That was the beginning below is the rest- I’m opting to paste my prior post in so it’s easier to read-
Let’s take a look at who was lost, their roles and their allegiances-
The who’s who of the deceased.
Lech Kaczynski, 60. Poland’s president, a nationalist conservative who had been in office since 2005. A founder of the Law and Justice party, now in opposition, and the twin brother of its leader, former Prime Minister Jaroslaw Kaczynski.
_ Maria Kaczynska, 66, Poland’s first lady; an economist and translator of English and French, had carried out charity work in her role as first lady. Her uncle was killed at Katyn.
_ Gen. Franciszek Gagor, 58. Army chief of staff since Feb. 2006. From 2004 to 2006, was Poland’s representative at NATO in Brussels.
_ Gen. Andrzej Blasik, 47, head of the Air Force since 2007. Received professional military education in Montgomery, Alabama, in 2005.
_ Vice Admiral Andrzej Karweta, 51, Navy chief commander since November 2009. From 2002-2005 served at the Supreme Allied Command Atlantic, SACLANT in Norfolk, Virginia.
_ Gen. Tadeusz Buk, 49, land forces commander since Sept. 2009. Served in 2007 as commander of Polish troops in Iraq.
_ Slawomir Skrzypek, 46, president of the National Bank of Poland since 2007. A longtime colleague of Lech Kaczynski, served under him at Warsaw City Hall from 2002-5.
_ Aleksander Szczyglo, 46, head of the National Security Office, a former defense minister under Kaczynski’s brother.
From this list, we can see the President is gone, the President of the National Bank is gone, the head of the Army, Navy, Airforce, National Security etc., all gone.
Deadheaded. All the top people gone.
Is this a real political loss in terms of Western interests?
In terms of the interests of Russia?
The Polish President was a noted friend of a number of nations, as they proclaim it.
He was an admirer of India, noted critic of China. He also had a soft corner for the Dalai Lama. He is also recognized as a friend to Israel.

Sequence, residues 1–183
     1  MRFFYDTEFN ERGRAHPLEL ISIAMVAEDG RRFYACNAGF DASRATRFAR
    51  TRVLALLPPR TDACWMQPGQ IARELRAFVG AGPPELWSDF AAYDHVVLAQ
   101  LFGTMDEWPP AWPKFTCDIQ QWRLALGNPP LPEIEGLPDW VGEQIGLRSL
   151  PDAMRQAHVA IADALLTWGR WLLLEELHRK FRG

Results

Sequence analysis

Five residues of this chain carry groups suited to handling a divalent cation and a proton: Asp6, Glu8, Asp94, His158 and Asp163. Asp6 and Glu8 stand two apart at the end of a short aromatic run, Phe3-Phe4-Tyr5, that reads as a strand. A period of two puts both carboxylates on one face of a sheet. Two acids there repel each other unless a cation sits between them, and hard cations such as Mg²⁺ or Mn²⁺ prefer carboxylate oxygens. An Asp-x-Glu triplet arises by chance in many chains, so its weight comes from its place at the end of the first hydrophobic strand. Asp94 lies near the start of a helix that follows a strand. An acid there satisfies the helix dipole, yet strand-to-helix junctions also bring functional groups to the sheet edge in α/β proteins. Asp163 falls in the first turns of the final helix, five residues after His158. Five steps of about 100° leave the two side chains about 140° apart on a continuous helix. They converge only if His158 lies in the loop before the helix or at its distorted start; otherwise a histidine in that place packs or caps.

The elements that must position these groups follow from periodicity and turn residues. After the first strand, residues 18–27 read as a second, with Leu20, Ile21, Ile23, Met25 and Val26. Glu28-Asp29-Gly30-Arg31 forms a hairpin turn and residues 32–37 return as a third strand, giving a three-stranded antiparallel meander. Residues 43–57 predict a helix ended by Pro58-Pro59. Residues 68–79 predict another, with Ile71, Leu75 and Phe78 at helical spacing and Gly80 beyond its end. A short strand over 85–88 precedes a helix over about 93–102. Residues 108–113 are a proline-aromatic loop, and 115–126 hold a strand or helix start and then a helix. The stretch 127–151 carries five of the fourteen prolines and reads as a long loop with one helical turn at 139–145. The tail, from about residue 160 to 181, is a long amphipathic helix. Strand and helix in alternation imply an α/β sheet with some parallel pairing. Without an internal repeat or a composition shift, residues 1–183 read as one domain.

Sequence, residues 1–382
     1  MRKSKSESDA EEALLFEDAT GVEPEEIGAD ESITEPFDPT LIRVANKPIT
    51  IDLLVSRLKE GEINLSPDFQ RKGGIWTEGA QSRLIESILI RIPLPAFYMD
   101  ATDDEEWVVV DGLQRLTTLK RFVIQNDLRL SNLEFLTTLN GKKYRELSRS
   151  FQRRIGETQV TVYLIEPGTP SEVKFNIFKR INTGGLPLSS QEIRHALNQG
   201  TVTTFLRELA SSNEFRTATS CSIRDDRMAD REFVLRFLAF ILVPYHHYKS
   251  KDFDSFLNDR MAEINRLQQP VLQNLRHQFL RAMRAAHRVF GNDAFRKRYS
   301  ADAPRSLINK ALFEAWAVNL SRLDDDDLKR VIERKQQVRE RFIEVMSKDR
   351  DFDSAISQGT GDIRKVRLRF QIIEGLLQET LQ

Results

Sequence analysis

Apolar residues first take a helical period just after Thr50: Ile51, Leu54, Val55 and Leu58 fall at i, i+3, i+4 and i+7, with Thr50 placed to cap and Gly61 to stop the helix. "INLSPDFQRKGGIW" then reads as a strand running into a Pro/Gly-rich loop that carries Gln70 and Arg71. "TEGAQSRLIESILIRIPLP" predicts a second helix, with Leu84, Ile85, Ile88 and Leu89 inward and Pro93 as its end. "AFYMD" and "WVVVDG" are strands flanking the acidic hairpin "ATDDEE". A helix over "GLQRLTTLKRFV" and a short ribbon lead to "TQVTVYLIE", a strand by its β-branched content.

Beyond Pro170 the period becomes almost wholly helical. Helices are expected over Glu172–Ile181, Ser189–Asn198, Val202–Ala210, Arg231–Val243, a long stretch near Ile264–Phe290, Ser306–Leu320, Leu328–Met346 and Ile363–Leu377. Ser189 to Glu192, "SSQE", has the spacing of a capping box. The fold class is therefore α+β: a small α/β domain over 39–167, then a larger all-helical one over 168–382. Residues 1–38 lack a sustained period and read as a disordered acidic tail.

Though Poland joined the European Union in 2004, Mr. Kaczynski often preferred dealing with the United States. Often times annoying other European Union members, which I find odd. Why bother at all joining the EU, if one is not going to play ball with the EU and plot strategy with the US.
One must consider that Poland was part and parcel of a different political agenda.
A political agenda which may have it’s roots in the west.
One has to consider that the so called labour revolution in Poland, led by that spunky electrician Lech Walesa, may not have really been initiated as a people movement.
The revolution may have grown through the labour movement, but, quite realistically could have been seeded and nurtured by interests outside of the labour movement and outside of Poland. Realistically this early revolution could not have come about without some serious backing from outside political interests. Realistically this revolution may have been the progenitor of the modern day colour revolutions that many have witnessed sweeping through the former Soviet States.
That said, back to Mr Kaczynski.
As soon as Mr. Kaczynski took office in the presidential headquarters in the center of Warsaw, he forged close relations with Ukraine and Georgia determined to bring them into the NATO fold